So far it has been just an exchange of positive statements, but the frequency nevertheless indicates that a certain trend is emerging. This could lead to intensive talks and possibly to improvement of bilateral ties. The timing is interesting. The results of the second Nagorno-Karabakh war served as a catalyzer. Though heavily defeated by Azerbaijan, Armenia sees the need to act beyond the historical grievances it holds against Turkey and be generally more pragmatic in foreign ties. In Yerevan’s calculation, the improvement of relations with Ankara could deprive Baku of some advantages. Surely, Azerbaijan-Turkey alliance will remain untouched, but the momentum behind it could decrease if Armenia establishes better relations with Turkey. The latter might not be as strongly inclined to push against Armenia as it has done so far, and specifically during the second Nagorno-Karabakh war. The willingness to improve the bilateral relations has been persistently expressed by Ankara over the past years. Perhaps the biggest effort was made in 2009 when the Zurich Protocols were signed leading to a brief thaw in bilateral relations. Though eventually unsuccessful (on March 1, 2018, Armenia announced the cancellation of the protocols), Ankara has often stressed the need of improvement of ties with Yerevan without demanding preconditions.
Beyond the potential establishment of diplomatic relations, the reopening of the two countries’ border, closed from early 1990s because of the Nagorno-Karabakh conflict and Turkey’s solidarity with and military and economic support for Azerbaijan, could also be a part of the arrangement. The opening of the 300 km border running along the Armenian regions of Shirak, Aragatsotn, Armavir, and Ararat could be a game-changer. The opening up of the border is essentially an opening of the entire South Caucasus region. The move would provide Armenia with a new market for its products and businesses. In the longer term it would allow the country to diversify its economy, lessen dependence on Russia and the fragile route which goes through Georgia. The reliance on the Georgian territory could be partially substituted by Azerbaijan-Armenia-Turkey route, though it should be also stressed that the Armenia transit would need considerable time to become fully operational.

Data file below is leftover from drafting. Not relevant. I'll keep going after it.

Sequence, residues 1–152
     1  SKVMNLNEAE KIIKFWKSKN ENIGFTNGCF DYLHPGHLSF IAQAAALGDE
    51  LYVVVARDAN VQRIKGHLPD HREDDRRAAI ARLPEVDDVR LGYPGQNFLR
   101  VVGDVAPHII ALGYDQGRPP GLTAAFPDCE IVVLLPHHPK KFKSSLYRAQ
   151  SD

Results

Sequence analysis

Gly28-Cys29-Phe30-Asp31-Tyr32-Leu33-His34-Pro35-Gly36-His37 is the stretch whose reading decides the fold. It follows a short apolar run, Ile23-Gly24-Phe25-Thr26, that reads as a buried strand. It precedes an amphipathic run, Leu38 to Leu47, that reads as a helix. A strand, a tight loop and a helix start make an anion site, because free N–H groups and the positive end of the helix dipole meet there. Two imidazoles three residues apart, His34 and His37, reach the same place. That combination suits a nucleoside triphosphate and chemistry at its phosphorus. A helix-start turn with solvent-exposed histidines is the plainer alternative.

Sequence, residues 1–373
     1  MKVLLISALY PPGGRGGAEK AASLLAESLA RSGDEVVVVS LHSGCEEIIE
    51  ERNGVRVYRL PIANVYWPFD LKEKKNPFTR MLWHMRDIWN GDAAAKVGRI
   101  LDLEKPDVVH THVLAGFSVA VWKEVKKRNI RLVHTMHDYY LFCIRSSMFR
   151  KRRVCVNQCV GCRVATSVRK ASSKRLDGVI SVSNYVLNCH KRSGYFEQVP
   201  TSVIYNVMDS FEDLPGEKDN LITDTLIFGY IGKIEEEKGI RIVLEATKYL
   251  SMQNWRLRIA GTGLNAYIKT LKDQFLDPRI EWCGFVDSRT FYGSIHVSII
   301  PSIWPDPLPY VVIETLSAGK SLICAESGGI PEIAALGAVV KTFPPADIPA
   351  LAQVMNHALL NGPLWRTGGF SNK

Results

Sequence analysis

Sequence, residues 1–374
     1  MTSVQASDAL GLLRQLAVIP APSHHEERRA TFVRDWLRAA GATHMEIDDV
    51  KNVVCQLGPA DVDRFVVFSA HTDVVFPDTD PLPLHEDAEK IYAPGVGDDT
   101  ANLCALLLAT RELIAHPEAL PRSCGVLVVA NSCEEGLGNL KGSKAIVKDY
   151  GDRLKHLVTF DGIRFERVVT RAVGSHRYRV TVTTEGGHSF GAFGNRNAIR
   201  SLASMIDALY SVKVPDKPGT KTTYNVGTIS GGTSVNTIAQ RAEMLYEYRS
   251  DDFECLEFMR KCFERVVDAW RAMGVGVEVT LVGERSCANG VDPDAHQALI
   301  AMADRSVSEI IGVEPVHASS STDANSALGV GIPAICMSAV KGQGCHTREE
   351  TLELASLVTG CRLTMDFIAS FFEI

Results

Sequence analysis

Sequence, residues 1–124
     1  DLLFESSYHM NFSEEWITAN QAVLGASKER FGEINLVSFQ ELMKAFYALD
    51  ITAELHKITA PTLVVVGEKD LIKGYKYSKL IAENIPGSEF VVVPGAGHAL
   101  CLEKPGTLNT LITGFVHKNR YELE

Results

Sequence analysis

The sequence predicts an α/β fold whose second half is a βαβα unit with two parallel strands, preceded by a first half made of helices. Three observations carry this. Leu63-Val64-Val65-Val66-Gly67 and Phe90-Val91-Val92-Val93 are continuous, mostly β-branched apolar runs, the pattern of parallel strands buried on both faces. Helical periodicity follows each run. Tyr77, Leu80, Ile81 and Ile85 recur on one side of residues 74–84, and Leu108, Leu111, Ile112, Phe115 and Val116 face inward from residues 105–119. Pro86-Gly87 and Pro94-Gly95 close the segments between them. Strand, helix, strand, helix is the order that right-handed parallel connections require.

Economic and connectivity diversification equals the diminution of Russian influence in the South Caucasus. In other words, the closed borders have always constituted the basis of Russian power in the region as most roads and railways have a northward direction. For Turkey an open border with Armenia is also beneficial as it would allow a freer connection with Azerbaijan. Improving the regional links is a cornerstone of Turkey’s position in the South Caucasus. In a way, the country has acted as a major disruptor. Through its military and active economic presence Turkey opens new railways and roads, thus steadily decreasing Russian geopolitical leverage over the South Caucasus.
As mentioned, both Ankara and Yerevan will benefit from potential rapprochement. It is natural to suggest that the potential improvement between Turkey and Armenia, Russia’s trustful ally, would not be possible without Moscow’s blessing. Russia expressed readiness to help Armenia and Turkey normalize their relations, saying that would boost peace and stability in the region. “Now too we are ready to assist in a rapprochement between the two neighboring states based on mutual respect and consideration of each other’s interests,” the Russian Foreign Ministry spokeswoman, Maria Zakharova, said. Yet, it is not entirely clear how the normalization would suit Russia’s interests. One possibility is that the Armenia-Turkey connection would allow Russia to have a direct land link with Turkey via Azerbaijan and Armenia. However, here too the benefits are doubtful. The route is long and will likely remain unreliable. For Russia trade with Turkey via the Black Sea will remain a primary route.